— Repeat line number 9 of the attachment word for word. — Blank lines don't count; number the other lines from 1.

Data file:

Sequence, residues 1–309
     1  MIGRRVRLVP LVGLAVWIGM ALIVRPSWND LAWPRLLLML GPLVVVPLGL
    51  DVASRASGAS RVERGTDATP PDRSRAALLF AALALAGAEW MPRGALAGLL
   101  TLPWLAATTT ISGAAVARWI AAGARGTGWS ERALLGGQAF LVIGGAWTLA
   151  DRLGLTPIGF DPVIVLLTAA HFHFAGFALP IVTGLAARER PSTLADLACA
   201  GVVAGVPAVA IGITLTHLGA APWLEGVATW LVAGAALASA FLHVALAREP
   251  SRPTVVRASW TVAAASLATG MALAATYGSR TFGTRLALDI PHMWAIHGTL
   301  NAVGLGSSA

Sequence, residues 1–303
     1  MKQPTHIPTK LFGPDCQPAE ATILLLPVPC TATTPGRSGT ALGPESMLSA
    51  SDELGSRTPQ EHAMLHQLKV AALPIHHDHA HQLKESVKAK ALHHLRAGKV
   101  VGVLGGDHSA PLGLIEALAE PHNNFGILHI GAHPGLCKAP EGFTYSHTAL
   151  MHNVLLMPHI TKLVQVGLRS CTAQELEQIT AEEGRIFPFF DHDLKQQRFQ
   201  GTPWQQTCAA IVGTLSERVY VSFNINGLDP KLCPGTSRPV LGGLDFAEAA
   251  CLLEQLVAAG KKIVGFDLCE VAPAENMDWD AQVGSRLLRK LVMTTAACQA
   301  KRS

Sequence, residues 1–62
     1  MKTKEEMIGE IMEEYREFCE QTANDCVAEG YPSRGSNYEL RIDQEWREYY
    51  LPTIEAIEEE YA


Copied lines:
Sequence, residues 1–303